This project concerns numerical methods and developing novel, high-order accurate algorithms for physical models of shallow water flows. The need for computational resources comes from two perspectives.
The first involves validation and verification that the new methods maintain their accuracy in space and time for several academic test problems in one and two spatial dimensions. This validation process involves constructing and running methods at very high-order (e.g. up to 20th order in space) in order to reveal the convergence properties of the underlying numerics. In doing so, the computations on these academic test cases also verify important physical properties, like the conservation of total energy or the stability of the new methods, that reinforce the theoretical proofs stemming from the design of the numerical approximations.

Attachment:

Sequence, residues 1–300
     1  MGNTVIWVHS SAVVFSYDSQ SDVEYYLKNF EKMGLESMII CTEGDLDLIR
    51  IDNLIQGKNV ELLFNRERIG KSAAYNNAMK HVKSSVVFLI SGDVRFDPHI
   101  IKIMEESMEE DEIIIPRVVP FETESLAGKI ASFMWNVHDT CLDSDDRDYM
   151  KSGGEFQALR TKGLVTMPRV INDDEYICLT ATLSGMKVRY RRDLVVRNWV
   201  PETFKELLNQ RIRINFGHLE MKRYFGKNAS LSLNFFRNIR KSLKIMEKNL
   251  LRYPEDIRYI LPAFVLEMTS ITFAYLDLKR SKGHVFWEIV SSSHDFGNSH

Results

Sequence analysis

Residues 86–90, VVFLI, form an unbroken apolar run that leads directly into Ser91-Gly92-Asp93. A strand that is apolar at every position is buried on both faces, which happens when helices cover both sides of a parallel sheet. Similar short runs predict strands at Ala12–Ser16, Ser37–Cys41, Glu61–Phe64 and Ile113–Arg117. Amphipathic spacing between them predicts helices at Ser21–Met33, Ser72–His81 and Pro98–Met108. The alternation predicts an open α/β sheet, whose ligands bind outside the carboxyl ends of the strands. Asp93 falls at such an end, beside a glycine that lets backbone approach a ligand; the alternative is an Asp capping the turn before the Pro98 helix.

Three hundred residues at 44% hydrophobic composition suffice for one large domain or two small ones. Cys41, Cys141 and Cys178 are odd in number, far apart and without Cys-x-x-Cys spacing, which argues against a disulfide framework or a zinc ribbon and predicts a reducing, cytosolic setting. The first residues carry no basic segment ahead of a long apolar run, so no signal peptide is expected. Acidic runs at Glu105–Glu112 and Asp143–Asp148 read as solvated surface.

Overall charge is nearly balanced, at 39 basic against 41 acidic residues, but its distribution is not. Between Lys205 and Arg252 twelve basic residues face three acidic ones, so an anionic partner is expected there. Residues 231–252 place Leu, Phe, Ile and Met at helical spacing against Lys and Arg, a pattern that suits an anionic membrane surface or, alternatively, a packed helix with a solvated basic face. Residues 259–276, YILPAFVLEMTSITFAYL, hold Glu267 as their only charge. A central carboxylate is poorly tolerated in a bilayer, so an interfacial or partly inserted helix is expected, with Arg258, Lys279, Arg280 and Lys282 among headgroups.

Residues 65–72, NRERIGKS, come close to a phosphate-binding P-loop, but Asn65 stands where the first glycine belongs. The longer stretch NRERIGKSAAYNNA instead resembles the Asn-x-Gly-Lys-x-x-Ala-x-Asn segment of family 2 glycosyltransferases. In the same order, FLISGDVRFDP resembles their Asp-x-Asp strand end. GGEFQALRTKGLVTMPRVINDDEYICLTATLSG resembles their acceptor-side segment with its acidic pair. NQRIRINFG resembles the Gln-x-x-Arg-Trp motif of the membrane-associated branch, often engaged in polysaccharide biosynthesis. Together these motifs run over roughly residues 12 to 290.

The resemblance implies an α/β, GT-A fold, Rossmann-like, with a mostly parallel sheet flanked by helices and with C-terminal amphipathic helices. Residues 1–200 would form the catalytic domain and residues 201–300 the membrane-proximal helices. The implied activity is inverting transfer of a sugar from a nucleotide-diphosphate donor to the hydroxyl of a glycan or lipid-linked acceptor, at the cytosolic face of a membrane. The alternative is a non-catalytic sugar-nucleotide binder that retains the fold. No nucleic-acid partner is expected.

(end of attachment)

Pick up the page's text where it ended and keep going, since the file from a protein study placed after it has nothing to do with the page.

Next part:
After this verification and validation step, the second perspective comes into play. It involves the need to simulate relevant test cases that come from real-world applications. One example would be the wave run-up and flooding of a city. Such application driven problem setups are inherently large scale in space as we require many degrees of freedom to accurately model a portion of the Earth, e.g., the harbour of a coastal city and the nearby oceanic bathymetry. Temporal scales also tend to be large, for instance, accurately propagating a wave from the deep ocean to the coastline in order to estimate its time to make landfall. It is this two-fold combination of method validation and real-world applications that necessitate additional computational resources.